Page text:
The World is Knocking
The World is Knocking
By Lisa Catterall
He who has a why to live can bear almost any how.
– Friedrich Nietzsche
This week I had the pleasure of teaching in a true N95 mask for the first time. Due to the current escapades of our favorite evil little spike protein, my school thoughtfully gave the teachers each a precious, high-grade mask. I feel cared for and protected, and I also feel as if an anvil is smashing my face all day long.
The mask muffles my voice. Many years ago, I got laryngitis but wasn’t ill, and I came to school and taught in silence. It worked oddly well; I can do a lot with body language, writing on the board, pointing at handouts, and video. I think the students were entertained and learned a lot. But using your voice, projecting over the new Hepa filters and the noise that flows through the windows and doors that are flung open for ventilation, and having no one able to hear it, is sort of a miserable experience.
My respect for our healthcare workers was already sky high, but now it’s in outer space. These masks are not only uncomfortable, they are isolating. Of course, it is better to have one than not to. The mask stems my worries about taking potentially deadly germs home to my preschool daughters who are too young for the vaccine. My neurons, and my face muscles, hurt.
A human sees 300 points of recognition in the face of another human (we see 10-fold fewer in other objects as we take them in). Being hyper-sensitive to other people was part of our evolutionary niche as we developed as a species; we are wired to be social animals. My primate brain craves a full view of the faces of my colleagues. We have new teachers, staff and students this year, and in January, I still have no real idea of what they look like. And I can’t get anyone’s attention using volume, a key skill, because young students are talkative. I’m heading to our theater department this afternoon to see if they will give me a stage microphone to use when I’m teaching.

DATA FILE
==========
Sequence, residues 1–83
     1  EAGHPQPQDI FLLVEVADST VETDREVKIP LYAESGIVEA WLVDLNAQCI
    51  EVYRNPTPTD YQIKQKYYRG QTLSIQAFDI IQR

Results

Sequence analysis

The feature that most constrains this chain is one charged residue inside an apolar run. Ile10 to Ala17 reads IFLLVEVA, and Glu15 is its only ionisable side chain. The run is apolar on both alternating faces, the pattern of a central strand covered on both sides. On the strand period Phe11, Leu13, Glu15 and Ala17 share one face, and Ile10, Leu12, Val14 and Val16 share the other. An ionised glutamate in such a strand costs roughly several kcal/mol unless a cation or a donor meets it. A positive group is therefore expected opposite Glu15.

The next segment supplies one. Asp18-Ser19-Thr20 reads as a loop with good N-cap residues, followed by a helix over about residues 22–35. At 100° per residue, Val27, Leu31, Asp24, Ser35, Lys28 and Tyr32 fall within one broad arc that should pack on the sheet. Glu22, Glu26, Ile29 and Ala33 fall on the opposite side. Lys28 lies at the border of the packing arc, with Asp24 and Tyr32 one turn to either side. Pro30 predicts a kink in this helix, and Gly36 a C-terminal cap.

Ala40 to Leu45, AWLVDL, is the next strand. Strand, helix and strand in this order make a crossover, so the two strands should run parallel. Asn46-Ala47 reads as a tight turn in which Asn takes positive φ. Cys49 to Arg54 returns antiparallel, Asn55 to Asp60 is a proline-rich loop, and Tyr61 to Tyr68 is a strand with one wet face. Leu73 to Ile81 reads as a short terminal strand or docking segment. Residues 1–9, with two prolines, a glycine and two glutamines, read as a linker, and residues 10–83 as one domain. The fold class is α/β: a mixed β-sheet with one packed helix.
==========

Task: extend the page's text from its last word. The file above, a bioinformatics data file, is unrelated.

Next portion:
So, have we hit bottom yet?
Maybe. Maybe not. I could see a combination of all the inconveniences of the entire pandemic running into each other as the most horrible moment of COVID-tainted teaching ever. It looks like this: the scene plays out at the end of a six-hour day of teaching exclusively outdoors in cold weather. My fingers and toes are frozen, I’m moving slowly, and my jaw also aches from habitually pushing against the N95 mask to get it off my eye sockets when I look down at a student’s work. Half of the students have again become white Arial-font text names in squares of black pixels on a laptop screen, pointed hopefully at the classroom area, but no one can get their microphone to work and the meeting has somehow crashed. The new, online Learning Management System pops up a cheerful message that all new work for today has suddenly been lost. I excuse the students to find 14 separate emails about positive cases at the school, each of which involves days of quarantine and myriad new procedures.